And then the home team flipped the switch, scored a chance goal, took control of the rest of the hockey game and won it by a score of 3-1.
That’s what good teams do.
Granted, they typically don’t start as sleepy as the sixth-ranked Blues did in this one. But on the odd occasion when that does happen, they’re able to reel it in, regroup and assert themselves.
Let’s delve into how the 27th-ranked Canadiens played their role in that outcome.
“You miss 100 per cent of the shots you don’t take.”
It’s a saying made famous by Wayne Gretzky, who scored an NHL-leading 894 goals over his prolific career.
We’ll tweak it a bit and say, you’re also going to have a hard time scoring when most of your best chances miss the net.
The Canadiens hit Blues goaltender Carter Hutton with 34 mostly harmless shots and had another 31 miss or get blocked.
Charles Hudon snuck a puck through with 1:07 remaining, while Montreal had a 6-on-4 advantage because Blues defenceman Colton Parayko was assessed a five-minute major for boarding Paul Byron, but it was a case of too little too late.
Too many missed opportunities has been a theme throughout the Canadiens’ first 50 games of the season. As a result, Montreal has now been held to two goals or less 29 times.
Tuesday’s game marked the 18th time this season the Canadiens were held to one goal or less. No other team in the NHL has been held in check to that extent.
Ugly droughts continue for Plekanec, Lehkonen
It’s one thing for 35-year-old Tomas Plekanec to go 18 games without scoring a goal — as he now has after being blanked by St. Louis — and it’s another for sophomore Artturi Lehkonen to go 22 games without one.
Plekanec, who was once a great two-way player, has seven 20-goal seasons to his name. But he no longer has a spot on the power play, and his main role over the last three years has been to keep the opposition’s best players in check on a nightly basis.
Lehkonen has been saddled with those responsibilities as well for most of the season as Plekanec’s linemate, but he still has the potential to produce at the same rate as a young Plekanec did — if he can recapture the form that saw him score 18 goals in 2016-17.
The 22-year-old had generated the most high-danger scoring chances on the Canadiens in the first 18 games of the season, according to naturalstattrick.com, but he had only managed to score twice over the period.
We’ve had it confirmed by multiple sources that Lehkonen had played a fair portion of those first 18 games with a bad back injury. It forced him to miss 16 games and he hasn’t found his touch — or the back of the net — since returning to Montreal’s lineup 16 games ago.
We don’t expect Plekanec to turn back the clock and start scoring at will, but Lehkonen continues to generate the type of chances that would have anyone suggest he’ll rebound soon.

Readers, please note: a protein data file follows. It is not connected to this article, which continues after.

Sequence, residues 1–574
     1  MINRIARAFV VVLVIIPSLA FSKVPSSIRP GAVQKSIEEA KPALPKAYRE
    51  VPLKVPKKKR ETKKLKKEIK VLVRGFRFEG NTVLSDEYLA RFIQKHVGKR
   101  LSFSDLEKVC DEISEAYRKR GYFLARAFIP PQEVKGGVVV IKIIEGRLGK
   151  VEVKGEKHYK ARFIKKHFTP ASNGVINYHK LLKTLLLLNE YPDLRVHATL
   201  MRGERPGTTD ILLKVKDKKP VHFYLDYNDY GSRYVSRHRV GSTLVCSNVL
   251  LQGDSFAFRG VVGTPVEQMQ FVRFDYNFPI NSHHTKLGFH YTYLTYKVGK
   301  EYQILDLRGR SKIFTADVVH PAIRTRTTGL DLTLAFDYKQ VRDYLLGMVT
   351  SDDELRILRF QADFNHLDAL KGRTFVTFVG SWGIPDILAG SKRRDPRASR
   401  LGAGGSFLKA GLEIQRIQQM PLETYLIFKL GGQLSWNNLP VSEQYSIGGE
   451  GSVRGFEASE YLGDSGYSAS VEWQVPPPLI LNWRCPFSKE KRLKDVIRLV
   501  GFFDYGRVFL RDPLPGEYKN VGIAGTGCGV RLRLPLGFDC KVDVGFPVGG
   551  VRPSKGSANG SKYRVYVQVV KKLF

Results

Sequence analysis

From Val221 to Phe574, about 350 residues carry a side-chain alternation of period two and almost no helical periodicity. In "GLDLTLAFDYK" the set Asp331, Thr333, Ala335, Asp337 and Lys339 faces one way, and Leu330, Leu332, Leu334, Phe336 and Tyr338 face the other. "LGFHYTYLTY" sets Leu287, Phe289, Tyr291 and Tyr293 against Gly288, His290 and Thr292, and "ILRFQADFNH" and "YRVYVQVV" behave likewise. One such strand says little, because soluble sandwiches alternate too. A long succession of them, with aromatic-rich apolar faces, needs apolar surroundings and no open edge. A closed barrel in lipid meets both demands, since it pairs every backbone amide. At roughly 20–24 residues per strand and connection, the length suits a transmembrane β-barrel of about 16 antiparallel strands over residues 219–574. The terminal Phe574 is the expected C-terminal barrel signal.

He had five shots on net against St. Louis, and three of them accounted for Montreal’s best scoring chances of the game.
Another (centre) down
A team that started the season with arguably the worst centre depth in the league took another blow on Tuesday, when Byron went down in a heap behind the Blues net with 2:34 remaining.
The speedy left-winger has done an exceptional job filling for Phillip Danault (concussion) since taking his spot up the middle six games ago, recording at least a point in each game (one goal and five assists) before being held in check against the Blues.
With Danault out indefinitely — and with Andrew Shaw out for four to six more weeks with a lower-body injury — an extended absence for Byron would certainly hurt.
He left the ice favouring his right arm, keeping it tight to his body after jamming his shoulder into the boards. He did not return.
Canadiens coach Claude Julien told reporters he didn’t think there was anything alarming in Byron’s case but also said he’d be re-evaluated Wednesday morning.
Benn scratched, Alzner next?
It wasn’t entirely surprising that Julien decided to scratch veteran defenceman Jordie Benn on Tuesday, after Benn played arguably his worst game of the season in a 6-5 loss to the Carolina Hurricanes at the Bell Centre last Thursday.
What was surprising was what Julien said about the decision Tuesday morning.
“We need more from certain players, and right now he’s one of the defencemen who is struggling the most,” Julien said. “He loses a lot of his battles along the boards, we want him to move the puck better on our zone exits. Right now, we’re picking a player who’s having the most trouble, but he’s not the only one having trouble.
“So, at some point, we have to make the players accountable for their performance.”
Blunt. Perhaps even a bit harsh.
“It’s the truth,” said Julien, doubling down. “He’s a good player, and we like him. If it was a vote on popularity, he’d be in tonight because he’s a good team player, he’s the kind of guy we like. Just because he’s sitting out tonight it’s not because we don’t like the guy, it’s because he’s been struggling. I think you have to make hockey decisions versus popularity decisions, and this is where we are right now.
“There’s other guys back there that are struggling and if they don’t pick up their game, they’ll get their turn as well.”
Should we expect Julien to finally sit Karl Alzner for a game after he cost the Canadiens yet another goal (he’s cost them too many to count this season) — this time by nearly backing all the way into Carey Price’s crease and screening him in the process on Ivan Barbashev’s tie-breaking shot at 4:38 of the second period?
It would take major stones to do it, considering Alzner’s in the first season of a five-year, $23.1-million contract and he hasn’t missed a regular-season game since 2010.
But we wouldn’t discount it as a possibility. Of the six defencemen Julien used against St. Louis, only Victor Mete (16:14) played less than Alzner did (17:40).